'If Russia stops flying U.S. astronauts to the International Space Station, the U.S., lacking a backup plan, would have no choice but to abandon the multibillion dollar outpost to its own fate, NASA Administrator Charles Bolden said Wednesday. "We would make an orderly evacuation," Bolden said during a U.S. House Appropriations subcommittee hearing."

Keith's note: Culberson is not exaggerating. When asked, Bolden could not give a 'yes' or 'no' answer to rather specific and repeated questions as to whether or not NASA has a post-Russia ISS contingency plan in place. Bolden stumbled for a bit before he started to talk about an orderly evacuation of the ISS. Culberson interrupted at one point and said "please tell me that you do". Bolden also seemed to suggest that the U.S. can operate the ISS without Russian permission/cooperation.

A Waste Of Space, Scientific American

"More likely, Kelly's and Kornienko's tests will just confirm in greater detail what we already know from several previous long-duration missions: Our current space habitats are not adequate for voyages to other worlds. The lack of money to build these habitats, more than any lack of medical knowledge, is what keeps humans from Mars and other off-world destinations. ... It would be unfair to blame NASA alone for this shortsightedness. Integrating artificial gravity and better propulsion into its human spaceflight program would require many billions of dollars, and that money is not forthcoming from Congress. So NASA has struck a pragmatic course, tinkering with well-worn technologies instead of spending the financial and political capital to develop new ones."

Keith's note: Will NASA learn anything from the one year space twins study? Yes, of course they will. Will this knowledge help us "go to Mars"? (gotta use that phrase once a day, right NASA?). Who knows. Not likely. The studies are superficial and scattered in their focus. As this article notes NASA will, at best, simply understand their collective lack of capability to semi-safely send humans to Mars slightly better. Meanwhile, NASA will still kick the can down the road to Mars (I used the Mars meme twice, NASA!). NASA does not have the money or the scientific strategy to actually answer the questions it needs to answer. So they grab everything they can slap a Mars label on it and proclaim progress on the road to Mars (three times!).

As was the case with John Glenn's mission to solve aging problems in space we will never see the results of this research - in any form - that NASA uses to justify the hype surrounding this otherwise ho hum stay aboard ISS. And we will still be in Earth - not Mars - orbit. And the news media will still be confused which twin has the moustache.

The ISS still has an amazing untapped potential to actually address these very real issues of human physiology and long duration spaceflight with direct applicability to Mars. But NASA is simply not up to the task of using these resources in a concerted, strategic, long-term fashion - and assembling the resources to do so. They just make it up as they go. And their poorly equipped junior partner CASIS is simply clueless.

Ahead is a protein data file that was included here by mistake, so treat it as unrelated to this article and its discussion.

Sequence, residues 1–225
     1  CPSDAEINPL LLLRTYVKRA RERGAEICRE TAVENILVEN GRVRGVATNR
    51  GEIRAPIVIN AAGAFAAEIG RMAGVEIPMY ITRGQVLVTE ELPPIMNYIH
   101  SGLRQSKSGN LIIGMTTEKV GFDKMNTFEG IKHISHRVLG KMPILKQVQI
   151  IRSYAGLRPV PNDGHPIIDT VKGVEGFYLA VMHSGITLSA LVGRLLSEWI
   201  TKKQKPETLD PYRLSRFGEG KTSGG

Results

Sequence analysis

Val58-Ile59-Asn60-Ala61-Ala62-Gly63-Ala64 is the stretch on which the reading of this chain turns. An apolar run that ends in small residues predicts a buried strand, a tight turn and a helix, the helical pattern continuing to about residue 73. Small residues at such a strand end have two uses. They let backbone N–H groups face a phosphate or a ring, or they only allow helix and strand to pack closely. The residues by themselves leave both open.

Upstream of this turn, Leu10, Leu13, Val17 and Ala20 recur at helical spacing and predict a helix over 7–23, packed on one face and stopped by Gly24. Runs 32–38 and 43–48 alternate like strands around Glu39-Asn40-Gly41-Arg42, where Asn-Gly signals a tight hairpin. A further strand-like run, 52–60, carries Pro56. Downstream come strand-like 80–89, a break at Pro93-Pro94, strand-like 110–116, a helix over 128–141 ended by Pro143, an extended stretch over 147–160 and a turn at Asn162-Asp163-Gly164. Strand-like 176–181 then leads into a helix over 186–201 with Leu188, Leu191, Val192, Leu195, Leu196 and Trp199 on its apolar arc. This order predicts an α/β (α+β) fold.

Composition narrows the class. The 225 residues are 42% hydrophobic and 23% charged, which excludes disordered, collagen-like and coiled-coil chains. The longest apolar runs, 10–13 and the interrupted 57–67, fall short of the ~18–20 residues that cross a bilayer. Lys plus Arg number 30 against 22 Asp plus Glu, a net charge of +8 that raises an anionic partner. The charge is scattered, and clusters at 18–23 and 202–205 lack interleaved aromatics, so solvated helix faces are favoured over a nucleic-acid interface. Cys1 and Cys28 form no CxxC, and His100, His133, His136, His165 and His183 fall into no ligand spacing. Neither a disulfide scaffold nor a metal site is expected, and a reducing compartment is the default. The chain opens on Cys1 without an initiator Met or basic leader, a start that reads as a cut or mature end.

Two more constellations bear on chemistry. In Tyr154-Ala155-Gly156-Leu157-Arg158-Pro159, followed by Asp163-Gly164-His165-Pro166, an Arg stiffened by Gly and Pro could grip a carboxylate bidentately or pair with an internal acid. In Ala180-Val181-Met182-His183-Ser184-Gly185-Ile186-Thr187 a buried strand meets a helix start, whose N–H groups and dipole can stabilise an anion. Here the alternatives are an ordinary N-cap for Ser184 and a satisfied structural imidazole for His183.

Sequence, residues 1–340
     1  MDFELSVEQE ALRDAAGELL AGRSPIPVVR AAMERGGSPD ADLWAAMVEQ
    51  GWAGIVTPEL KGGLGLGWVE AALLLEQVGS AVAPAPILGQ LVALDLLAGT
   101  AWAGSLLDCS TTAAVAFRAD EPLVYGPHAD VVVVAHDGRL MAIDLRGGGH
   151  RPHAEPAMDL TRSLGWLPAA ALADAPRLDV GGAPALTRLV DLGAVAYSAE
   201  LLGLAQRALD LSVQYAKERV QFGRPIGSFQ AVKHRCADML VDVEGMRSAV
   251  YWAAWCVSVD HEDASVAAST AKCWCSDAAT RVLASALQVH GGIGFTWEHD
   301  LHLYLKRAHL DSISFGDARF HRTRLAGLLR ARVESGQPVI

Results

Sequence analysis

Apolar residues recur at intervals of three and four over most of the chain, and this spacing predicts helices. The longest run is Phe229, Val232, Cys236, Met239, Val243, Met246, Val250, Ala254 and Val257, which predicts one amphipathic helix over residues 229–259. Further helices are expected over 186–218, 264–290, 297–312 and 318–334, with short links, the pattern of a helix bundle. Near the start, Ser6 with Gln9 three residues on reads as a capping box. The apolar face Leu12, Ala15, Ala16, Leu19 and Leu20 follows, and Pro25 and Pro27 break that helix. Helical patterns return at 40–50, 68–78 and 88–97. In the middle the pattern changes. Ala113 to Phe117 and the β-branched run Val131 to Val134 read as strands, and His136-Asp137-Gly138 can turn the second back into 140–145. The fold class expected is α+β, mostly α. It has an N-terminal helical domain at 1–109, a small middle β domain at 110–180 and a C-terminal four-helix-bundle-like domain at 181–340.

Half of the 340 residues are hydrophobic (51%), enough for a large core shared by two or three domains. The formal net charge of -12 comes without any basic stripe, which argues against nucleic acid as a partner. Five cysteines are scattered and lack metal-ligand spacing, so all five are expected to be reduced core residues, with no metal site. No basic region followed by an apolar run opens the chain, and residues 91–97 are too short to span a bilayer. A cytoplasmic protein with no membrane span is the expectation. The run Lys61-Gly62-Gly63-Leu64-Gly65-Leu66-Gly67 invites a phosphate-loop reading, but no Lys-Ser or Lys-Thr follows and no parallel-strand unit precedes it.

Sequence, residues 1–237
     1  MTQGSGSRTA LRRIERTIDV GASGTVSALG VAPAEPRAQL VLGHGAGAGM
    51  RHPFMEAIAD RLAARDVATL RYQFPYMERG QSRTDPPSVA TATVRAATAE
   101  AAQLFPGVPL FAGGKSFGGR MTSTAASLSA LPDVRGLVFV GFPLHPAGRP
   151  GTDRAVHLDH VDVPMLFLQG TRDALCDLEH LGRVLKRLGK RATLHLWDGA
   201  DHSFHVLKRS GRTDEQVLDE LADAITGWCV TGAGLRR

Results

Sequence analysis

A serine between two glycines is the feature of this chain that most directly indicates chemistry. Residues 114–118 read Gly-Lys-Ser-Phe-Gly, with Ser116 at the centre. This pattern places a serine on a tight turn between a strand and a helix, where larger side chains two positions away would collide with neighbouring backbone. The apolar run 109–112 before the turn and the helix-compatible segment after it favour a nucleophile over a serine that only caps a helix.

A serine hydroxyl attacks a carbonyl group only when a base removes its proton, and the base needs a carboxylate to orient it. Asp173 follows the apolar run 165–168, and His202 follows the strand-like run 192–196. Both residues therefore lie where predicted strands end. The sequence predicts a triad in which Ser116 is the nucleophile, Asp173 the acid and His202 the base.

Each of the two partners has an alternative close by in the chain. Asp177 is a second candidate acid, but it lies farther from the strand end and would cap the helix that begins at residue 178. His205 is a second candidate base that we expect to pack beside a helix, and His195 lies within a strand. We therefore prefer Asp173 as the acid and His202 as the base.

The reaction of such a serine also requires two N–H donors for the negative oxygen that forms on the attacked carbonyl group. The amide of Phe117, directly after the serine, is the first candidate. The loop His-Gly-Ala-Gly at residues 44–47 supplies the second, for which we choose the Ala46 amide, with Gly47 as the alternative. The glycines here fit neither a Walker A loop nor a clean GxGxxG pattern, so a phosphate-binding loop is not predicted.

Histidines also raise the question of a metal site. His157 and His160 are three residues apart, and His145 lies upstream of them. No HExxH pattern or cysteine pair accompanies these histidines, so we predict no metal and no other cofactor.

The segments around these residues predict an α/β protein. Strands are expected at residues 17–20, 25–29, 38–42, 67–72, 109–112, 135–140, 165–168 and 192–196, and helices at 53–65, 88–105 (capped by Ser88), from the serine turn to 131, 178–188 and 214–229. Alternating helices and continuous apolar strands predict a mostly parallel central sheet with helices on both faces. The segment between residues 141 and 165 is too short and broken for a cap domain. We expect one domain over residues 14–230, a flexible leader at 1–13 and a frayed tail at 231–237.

- NASA Astronaut Scott Kelly Available for Interviews before One-Year Space Station Mission
- Correcting NASA's Inaccurate Budget Infographic, earlier post

Reader note: "FYI I tried to reach CASIS by phone. When you call their CASIS Corporate Headquarters listed here i.e. 321.253.5101 and hit 3 for "Contracts" you get a dead end. Your call is eventually disconnected.

Another Vulcan on ISS

Keith's update: Wow. Mike and I got retweeted from orbit. How cool.

Keith's note: In space Samantha Cristoforetti honors Leonard Nimoy/Spock by continuing the Vulcan science officer tradition on ISS. Altered imagery by Michael Okuda.

Years ago, when John Grunsfeld left NASA headquarters, Mike Okuda made a "vulcanized" version of John. Everyone loved it - including (so it would seem) the Smithsonian's National Air & Space Museum. For a number for years, there was a copy of this faux picture adjacent to Hubble instruments on display that John had helped to bring back to Earth. It took quite some time for the Smithsonian to notice the details in the photos. Oops.

Astronauts Complete Third International Space Station Spacewalk in Eight Days [With Video]

"Outside the International Space Station, Expedition 42 Commander Barry Wilmore and Flight Engineer Terry Virts of NASA conducted their third spacewalk in eight days March 1 to install antennas and communications gear that will be used to provide rendezvous and navigational information to visiting vehicles approaching the complex in the future, including the new U.S. commercial crew vehicles."



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This page is an archive of entries in the ISS News category from March 2015.